Jim Zarroli

Jim Zarroli is a business reporter for NPR News, based at NPR's New York bureau.

He covers economics and business news including fiscal policy, the Federal Reserve, the job market and taxes

Over the years, he's reported on recessions and booms, crashes and rallies, and a long string of tax dodgers, insider traders and Ponzi schemers. He's been heavily involved in the coverage of the European debt crisis and the bank bailouts in the United States.

Prior to moving into his current role, Zarroli served as a New York-based general assignment reporter for NPR News. While in this position he covered the United Nations during the first Gulf War. Zarroli added to NPR's coverage of the aftermath of Hurricane Katrina, the London transit bombings and the September 11, 2001 attacks on the World Trade Center.

Before joining the NPR in 1996, Zarroli worked for the Pittsburgh Press and wrote for various print publications.

Zarroli graduated from Pennsylvania State University.

Douglas Tompkins, who made a fortune in retailing as the founder of The North Face and co-founder of Esprit and went on to become a major donor to conservation causes, has died in a kayaking accident in Chile. He was 72.

Icelanders angry about government support of religion have come up with a way of making their unhappiness heard: They've formed their own religion, based on ancient Sumerian texts, and are promising to pass on any public funds they receive to their "congregation."

The group is a means of protesting Iceland's "parish tax," which goes to support organized religions, of which the largest by far is the Evangelical Lutheran Church of Iceland.

The Federal Trade Commission has taken the first step toward blocking the proposed $6.3 billion merger of Staples and Office Depot, saying the deal would hurt competition in the market for office supplies sold to large corporations.

The commission filed an administrative complaint charging that the merger between Massachusetts-based Staples, the world's largest seller of office supplies, and Florida-based Office Depot would violate antitrust laws.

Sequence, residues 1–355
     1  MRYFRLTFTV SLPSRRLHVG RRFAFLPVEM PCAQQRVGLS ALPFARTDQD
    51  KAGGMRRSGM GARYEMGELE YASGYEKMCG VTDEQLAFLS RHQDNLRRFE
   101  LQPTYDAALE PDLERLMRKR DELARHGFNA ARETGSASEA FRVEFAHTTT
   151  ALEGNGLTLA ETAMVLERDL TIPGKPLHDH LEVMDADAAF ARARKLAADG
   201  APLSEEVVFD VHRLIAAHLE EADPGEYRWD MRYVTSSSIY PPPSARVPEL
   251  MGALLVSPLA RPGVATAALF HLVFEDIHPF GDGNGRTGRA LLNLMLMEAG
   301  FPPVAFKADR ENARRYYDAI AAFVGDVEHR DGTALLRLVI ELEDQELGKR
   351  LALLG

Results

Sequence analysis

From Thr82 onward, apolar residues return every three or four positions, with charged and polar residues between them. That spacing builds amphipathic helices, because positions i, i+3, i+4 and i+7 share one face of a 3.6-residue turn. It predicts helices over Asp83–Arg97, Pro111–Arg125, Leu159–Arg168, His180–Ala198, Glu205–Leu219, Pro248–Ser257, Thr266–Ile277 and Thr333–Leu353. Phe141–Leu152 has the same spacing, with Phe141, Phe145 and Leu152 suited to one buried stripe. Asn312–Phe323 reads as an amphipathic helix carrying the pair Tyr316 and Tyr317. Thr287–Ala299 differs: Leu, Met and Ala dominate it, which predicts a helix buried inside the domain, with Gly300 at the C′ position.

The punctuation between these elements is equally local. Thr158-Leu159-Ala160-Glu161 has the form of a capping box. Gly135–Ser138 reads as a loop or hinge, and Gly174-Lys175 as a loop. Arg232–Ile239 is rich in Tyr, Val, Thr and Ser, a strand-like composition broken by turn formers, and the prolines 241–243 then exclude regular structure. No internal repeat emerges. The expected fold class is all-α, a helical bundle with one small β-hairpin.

Oil prices fell to their lowest levels in seven years, after OPEC officials failed to agree Friday on how to address the global supply glut.

By midday Monday, Brent crude futures fell 5 percent to $40.68 a barrel, the lowest price since 2009. The U.S. oil benchmark West Texas Intermediate crude dropped below $38 a barrel.

The decline sent energy stocks such as ExxonMobil, Chevron and Royal Dutch Shell tumbling, and helped drag the major stock indexes down sharply.

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An international consortium that wants to build the world's biggest telescope on the Big Island of Hawaii says it's deciding what to do next, after the state's Supreme Court invalidated the project's building permit.

The consortium "will follow the process set forth by the state, as we always have. We are assessing our next steps on the way forward," said Henry Yang, chairman of the Thirty Meter Telescope International Observatory Board of Directors.

European regulators have launched an investigation into Luxembourg's tax treatment of McDonald's, saying the fast-food giant's franchise office has paid virtually no taxes on franchise profits it earned in Europe and Russia since 2009.

It's the latest in a series of investigations into corporate tax avoidance schemes by the European Commission, which has also targeted Starbucks and Apple.

An appeals court in South Africa has convicted double-amputee sprinter Oscar Pistorius of murdering his live-in girlfriend, a ruling that could send him back to prison for a minimum of 15 years.

The court ruled that the trial judge erred last year when she convicted Pistorius of "culpable homicide," the equivalent of manslaughter, for killing Reeva Steenkamp by shooting her through a bathroom door in 2013.

Brazil's Congress has opened impeachment proceedings against President Dilma Rousseff, who is accused of manipulating government finances to benefit her re-election effort.

The move injects a new element of instability into the political landscape in Brazil, which is being roiled by corruption scandals and a sharp economic downturn.

Federal Reserve Chair Janet Yellen is signaling that it may finally be time to raise interest rates, saying the U.S. economy has recovered substantially since the Great Recession.

Speaking to the Economic Club of Washington, Yellen said Wednesday that the economy has come a long way toward its twin goals of maximum employment and price stability.

Spain's highest court has halted a push for independence by the northeastern region of Catalonia, ruling Wednesday that secession would be unconstitutional.

From Madrid, Lauren Frayer told NPR's Newscast unit that the decision, which was widely expected, came unusually quickly:

"In its ruling, Spain's Constitutional Court affirmed the country's unity — and said, therefore, Catalonia can't declare independence, secede, and divide the country."